Themes and Meanings (Masterplots II: Short Story Series, Revised Edition)
The wealth of thematic possibilities in “Bartleby the Scrivener” has made it perhaps the most analyzed of all American short stories. Much of this analysis centers on the title character, who is seen as a forerunner of alienated modern man, as the victim of an indifferent society, as a nonconformist—perhaps even a heroic one—who becomes isolated simply for daring to assert his preferences. Another interpretation, built around Bartleby’s role as a writer of sorts, claims that Herman Melville’s story is a parable of the isolation of the artist in a materialistic society that not only is indifferent to its writers but also is bent on their destruction.
Such views, while having varying degrees of validity, ignore the fact that “Bartleby the Scrivener” is dominated by the sensibility of its narrator and his search for the truth, a search that is ironic because he is incapable of any objective understanding of Bartleby and his seemingly perverse preferences. Not Bartleby’s actions or passivity but the narrator’s responses to his copyist are what is important.
Early in the story, the lawyer describes himself as “an eminently safe man,” one “who, from his youth upwards, has been filled with a profound conviction that the easiest way of life is the best.” He makes allowances for Turkey and Nippers because that is the easiest way to deal with them, but he is unable to understand why he cannot similarly control Bartleby....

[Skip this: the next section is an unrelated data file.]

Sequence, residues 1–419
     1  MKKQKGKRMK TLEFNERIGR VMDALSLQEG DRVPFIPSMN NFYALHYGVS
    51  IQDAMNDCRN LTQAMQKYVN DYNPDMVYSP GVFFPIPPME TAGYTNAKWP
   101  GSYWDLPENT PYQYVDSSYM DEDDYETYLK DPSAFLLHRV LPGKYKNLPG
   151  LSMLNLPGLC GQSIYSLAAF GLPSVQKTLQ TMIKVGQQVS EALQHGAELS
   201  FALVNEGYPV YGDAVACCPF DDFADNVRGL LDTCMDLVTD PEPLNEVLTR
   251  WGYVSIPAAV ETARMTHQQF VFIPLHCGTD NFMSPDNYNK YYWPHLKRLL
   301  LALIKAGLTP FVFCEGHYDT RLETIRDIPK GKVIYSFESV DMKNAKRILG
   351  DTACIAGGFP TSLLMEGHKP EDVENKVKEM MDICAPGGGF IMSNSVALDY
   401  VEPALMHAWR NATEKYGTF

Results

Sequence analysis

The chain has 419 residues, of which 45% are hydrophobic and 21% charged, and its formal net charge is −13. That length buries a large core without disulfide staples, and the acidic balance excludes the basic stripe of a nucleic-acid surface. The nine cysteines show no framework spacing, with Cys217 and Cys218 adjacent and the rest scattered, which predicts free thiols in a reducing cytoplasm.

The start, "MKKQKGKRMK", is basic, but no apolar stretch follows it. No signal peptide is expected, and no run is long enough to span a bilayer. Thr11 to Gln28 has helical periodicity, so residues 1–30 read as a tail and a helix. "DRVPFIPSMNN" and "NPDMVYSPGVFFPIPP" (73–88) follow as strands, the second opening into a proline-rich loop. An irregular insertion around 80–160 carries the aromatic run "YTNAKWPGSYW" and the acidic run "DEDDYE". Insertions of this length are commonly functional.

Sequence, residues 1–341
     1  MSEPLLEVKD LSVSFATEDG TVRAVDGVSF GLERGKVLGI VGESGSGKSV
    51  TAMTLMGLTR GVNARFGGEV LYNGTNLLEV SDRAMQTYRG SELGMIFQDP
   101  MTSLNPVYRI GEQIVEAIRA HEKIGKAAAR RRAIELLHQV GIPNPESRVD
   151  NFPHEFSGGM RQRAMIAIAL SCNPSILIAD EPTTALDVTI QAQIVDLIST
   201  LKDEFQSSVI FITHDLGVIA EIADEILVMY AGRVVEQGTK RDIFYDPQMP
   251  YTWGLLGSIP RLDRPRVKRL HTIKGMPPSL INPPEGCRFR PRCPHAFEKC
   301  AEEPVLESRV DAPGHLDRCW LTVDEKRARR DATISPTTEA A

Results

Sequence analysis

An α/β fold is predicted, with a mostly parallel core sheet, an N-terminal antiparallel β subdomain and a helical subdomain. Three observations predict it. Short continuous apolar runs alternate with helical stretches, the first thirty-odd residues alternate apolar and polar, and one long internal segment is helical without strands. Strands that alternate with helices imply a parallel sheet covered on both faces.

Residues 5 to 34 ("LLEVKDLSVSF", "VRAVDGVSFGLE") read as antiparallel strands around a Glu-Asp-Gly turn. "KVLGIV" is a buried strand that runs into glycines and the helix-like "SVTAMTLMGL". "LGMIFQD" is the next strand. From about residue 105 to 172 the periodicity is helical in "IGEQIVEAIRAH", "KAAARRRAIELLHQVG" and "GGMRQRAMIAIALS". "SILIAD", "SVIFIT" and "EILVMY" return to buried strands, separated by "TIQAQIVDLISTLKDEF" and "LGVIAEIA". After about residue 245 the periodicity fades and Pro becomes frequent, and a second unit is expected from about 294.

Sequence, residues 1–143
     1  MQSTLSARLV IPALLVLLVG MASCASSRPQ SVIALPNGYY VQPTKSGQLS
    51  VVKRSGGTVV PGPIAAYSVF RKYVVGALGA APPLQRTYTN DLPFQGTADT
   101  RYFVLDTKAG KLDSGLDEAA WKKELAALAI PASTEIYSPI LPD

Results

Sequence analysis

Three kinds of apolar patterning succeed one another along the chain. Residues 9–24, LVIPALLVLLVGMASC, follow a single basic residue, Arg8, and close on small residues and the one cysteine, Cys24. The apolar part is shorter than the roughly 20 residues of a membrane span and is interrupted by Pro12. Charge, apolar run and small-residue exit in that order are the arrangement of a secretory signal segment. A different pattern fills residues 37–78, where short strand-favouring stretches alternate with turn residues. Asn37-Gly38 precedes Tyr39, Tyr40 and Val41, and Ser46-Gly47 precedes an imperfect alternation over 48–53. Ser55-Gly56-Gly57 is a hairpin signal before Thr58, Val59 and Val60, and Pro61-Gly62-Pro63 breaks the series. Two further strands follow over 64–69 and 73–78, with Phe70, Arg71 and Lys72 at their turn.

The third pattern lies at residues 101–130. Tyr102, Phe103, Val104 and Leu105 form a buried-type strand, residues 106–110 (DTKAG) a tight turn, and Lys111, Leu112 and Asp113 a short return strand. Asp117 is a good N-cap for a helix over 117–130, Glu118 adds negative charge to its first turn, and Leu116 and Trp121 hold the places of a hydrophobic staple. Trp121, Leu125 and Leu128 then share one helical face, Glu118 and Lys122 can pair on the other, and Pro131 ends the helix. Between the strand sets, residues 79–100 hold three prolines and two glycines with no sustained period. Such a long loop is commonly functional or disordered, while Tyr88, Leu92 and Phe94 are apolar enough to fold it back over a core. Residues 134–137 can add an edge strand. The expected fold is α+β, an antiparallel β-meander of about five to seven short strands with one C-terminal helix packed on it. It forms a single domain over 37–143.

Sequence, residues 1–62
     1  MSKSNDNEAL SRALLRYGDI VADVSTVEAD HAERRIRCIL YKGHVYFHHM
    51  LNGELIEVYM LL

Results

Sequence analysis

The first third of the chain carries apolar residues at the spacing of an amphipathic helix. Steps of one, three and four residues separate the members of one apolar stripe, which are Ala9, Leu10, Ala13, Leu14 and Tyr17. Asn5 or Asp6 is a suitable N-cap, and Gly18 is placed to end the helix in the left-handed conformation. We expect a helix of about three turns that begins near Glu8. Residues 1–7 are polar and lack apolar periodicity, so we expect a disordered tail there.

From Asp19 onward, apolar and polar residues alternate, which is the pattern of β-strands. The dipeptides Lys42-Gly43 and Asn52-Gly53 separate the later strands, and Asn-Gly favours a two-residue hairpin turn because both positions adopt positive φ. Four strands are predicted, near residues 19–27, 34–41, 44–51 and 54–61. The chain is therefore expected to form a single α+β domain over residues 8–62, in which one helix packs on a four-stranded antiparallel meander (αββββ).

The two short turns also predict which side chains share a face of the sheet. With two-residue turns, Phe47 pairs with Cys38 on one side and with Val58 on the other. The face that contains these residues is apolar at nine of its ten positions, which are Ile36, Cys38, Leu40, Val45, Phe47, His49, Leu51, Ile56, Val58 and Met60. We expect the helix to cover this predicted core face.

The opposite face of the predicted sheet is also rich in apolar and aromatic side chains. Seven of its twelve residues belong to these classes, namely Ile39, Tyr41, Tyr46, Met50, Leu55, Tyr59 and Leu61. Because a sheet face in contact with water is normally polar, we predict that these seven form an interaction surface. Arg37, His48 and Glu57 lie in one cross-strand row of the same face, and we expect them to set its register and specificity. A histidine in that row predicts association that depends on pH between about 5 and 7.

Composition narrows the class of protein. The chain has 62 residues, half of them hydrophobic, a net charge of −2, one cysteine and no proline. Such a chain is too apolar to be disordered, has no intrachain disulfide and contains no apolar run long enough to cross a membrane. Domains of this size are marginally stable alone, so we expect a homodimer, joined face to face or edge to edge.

(The entire section is 519 words.)
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One of the primary themes of the story involves the pressure toward conformity in American business life that inhibits the creative development of the individual. It is not coincidental that the story is set on Wall Street, which is the center of American financial and business affairs. By choosing legal scriveners as his subject, Melville emphasizes the intellectually stultifying atmosphere of the business world since scriveners create nothing of their own but instead mechanically copy the ideas and work of others. In fact, the lawyer is intially attracted to Bartelby because he seems to lack strong personality and independent will, making him seem like a model employee. Significantly, when Bartelby resists, he is either unable or unwilling to explain the reason for his discontent. Perhaps Bartelby's ability to think independently has been so damaged that he does not even have the words to express his own vague desires. In keeping with this theme, the lawyer himself fears nonconformity so much that he is moved to take action regarding Bartelby only when he hears that people are gossiping about his office arragements.
Freedom and Imprisonment
Related to the theme of individualism in "Bartleby the Scrivener" is the issue of freedom. Walls are pervasive in the story. Symbolically, the office is located on Wall Street, and the office's windows look out onto walls on all sides. Bartleby has a tendency to...
(The entire section is 711 words.)